This is often seen as a product of Tanzania’s distinctive history. Ethnicity matters less in Tanzania, it is said, for historical reasons. Some cite the presence of a common language, Swahili, while others draw attention to the role of Tanzania’s first post-independence President, Julius Nyerere (an Edinburgh graduate), who moved swiftly after independence in 1961 to ensure that ethnically-based associations were removed from any political role, and devoted himself to nation-building efforts that aimed at transcending ethnic identity in favour of a shared Tanzanian national identity.
But the relative absence of ethnicity from overt political debate in Tanzania is not the whole story. On closer examination, another striking contrast between Tanzania and Kenya rapidly becomes apparent. Political violence has been used in Kenyan elections because parties know that a great deal is at stake, and that they have the potential to win or to lose. In Tanzania, in contrast, the nationalist party which won independence in 1961, the Tanganyika African National Union (TANU), and which in 1977 united with the Zanzibar nationalist Afro-Shirazi Party to become Chama Cha Mapinduzi (the Party of the Revolution, CCM), has never before looked to be at serious risk of defeat.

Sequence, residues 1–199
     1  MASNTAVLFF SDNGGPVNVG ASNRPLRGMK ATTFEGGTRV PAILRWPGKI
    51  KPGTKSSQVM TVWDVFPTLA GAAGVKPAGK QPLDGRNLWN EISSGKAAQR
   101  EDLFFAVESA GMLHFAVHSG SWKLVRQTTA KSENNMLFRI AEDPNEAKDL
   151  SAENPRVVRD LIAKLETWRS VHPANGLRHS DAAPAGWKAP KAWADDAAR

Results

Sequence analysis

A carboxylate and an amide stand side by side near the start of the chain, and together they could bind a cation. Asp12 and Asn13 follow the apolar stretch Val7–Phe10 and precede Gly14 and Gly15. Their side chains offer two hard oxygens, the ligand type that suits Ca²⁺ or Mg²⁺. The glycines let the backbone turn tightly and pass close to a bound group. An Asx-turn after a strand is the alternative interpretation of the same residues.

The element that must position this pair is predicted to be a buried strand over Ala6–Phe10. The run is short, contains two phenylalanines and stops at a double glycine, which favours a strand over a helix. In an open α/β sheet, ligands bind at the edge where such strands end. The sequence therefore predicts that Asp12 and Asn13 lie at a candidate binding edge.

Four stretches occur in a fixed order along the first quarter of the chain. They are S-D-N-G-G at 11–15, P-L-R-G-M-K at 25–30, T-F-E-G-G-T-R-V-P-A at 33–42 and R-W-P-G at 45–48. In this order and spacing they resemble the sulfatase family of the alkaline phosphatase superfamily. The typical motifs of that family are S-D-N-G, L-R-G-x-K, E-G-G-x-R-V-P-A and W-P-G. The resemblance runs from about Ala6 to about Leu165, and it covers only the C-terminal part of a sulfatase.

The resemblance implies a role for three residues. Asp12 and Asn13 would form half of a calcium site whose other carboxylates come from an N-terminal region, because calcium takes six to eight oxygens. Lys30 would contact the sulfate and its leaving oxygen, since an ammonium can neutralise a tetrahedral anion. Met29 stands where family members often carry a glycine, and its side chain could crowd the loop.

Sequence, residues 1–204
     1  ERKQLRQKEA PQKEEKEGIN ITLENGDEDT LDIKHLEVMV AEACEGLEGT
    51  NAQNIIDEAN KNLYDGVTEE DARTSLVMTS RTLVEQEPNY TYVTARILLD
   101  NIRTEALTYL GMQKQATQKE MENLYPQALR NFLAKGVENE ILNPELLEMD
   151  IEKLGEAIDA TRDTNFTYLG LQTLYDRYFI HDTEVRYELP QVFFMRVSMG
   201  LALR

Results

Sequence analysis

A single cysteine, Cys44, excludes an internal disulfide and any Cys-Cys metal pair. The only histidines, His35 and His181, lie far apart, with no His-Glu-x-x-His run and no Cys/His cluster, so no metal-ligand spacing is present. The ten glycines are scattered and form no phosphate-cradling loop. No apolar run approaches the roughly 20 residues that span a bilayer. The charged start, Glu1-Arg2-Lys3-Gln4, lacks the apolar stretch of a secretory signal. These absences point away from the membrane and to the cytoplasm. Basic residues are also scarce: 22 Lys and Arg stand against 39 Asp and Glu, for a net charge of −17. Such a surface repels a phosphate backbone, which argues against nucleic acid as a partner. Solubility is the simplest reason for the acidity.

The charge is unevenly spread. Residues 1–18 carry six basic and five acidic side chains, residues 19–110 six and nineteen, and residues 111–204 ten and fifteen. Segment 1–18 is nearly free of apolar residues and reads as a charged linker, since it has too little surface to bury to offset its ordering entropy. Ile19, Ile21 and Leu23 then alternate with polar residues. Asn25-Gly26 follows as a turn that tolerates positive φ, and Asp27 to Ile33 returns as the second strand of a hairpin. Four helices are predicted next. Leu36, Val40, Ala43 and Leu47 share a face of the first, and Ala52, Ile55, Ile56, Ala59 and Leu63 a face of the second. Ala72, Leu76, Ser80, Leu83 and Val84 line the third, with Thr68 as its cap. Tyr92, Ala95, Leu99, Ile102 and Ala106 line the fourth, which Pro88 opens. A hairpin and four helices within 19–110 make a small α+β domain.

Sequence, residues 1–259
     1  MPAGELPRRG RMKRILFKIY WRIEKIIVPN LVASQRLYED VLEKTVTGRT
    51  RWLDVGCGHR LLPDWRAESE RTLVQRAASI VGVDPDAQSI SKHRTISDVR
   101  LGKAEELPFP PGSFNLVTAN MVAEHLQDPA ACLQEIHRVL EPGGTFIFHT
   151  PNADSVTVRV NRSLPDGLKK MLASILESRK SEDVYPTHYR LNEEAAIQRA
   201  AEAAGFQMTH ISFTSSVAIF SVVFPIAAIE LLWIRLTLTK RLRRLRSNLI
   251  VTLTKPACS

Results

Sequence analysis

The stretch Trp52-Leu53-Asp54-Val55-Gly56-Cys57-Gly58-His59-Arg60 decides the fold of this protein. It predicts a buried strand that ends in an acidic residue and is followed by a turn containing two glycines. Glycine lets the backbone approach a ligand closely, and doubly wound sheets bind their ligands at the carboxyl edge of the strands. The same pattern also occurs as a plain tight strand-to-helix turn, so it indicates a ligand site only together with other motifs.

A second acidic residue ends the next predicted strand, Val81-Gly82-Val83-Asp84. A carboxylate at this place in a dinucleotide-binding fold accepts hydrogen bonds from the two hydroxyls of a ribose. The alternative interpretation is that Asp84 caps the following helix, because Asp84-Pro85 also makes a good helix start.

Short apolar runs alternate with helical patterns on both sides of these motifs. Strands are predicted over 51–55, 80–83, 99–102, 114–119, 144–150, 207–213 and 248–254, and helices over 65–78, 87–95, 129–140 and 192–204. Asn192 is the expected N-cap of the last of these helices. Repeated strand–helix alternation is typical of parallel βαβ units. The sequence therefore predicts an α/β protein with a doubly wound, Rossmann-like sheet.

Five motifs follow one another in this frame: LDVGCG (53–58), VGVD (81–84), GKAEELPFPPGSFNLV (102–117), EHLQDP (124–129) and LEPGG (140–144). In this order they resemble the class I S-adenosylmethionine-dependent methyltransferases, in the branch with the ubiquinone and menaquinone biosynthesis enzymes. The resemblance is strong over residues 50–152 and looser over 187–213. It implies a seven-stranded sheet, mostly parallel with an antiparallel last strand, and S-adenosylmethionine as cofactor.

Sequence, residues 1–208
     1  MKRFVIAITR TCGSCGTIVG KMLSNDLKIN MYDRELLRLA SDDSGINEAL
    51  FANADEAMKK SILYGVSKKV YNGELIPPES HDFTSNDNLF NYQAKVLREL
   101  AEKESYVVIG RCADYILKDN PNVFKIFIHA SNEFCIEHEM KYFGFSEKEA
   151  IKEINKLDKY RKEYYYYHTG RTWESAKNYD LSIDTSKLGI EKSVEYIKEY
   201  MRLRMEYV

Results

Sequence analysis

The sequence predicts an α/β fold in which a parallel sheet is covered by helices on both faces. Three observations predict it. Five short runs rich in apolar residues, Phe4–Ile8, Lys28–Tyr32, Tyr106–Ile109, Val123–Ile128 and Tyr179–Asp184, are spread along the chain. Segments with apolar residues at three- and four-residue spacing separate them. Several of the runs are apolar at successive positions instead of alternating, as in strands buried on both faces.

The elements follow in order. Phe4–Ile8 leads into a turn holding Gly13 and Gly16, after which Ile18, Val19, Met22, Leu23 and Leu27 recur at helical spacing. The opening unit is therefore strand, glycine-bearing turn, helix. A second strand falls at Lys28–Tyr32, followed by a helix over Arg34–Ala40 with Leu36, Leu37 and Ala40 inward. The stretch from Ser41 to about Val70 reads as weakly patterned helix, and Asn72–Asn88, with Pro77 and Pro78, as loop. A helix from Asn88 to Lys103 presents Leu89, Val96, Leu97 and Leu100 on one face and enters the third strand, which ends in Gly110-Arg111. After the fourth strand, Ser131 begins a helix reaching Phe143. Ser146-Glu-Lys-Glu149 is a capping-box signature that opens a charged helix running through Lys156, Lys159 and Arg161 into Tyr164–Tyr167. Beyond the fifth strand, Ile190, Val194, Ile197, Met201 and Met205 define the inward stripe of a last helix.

Explaining political dominance
Our task, then, is to explain this dominance. On one level, the answer is simple. Julius Nyerere, leader first of TANU and then of CCM, commanded overwhelming support at independence and moved swiftly to establish a system of one-party democracy which made it impossible for a rival party to build up support. But this does not in itself explain CCM’s dominance. In other countries where political space was rapidly closed down after independence, ruling parties were eventually overthrown in coups, or their leaders removed by rivals. Why did this not happen in Tanzania? It may be because in Tanzania, the nationalist party did not simply close down political space in legislative terms, it also succeeded in monopolising political space in imaginative terms.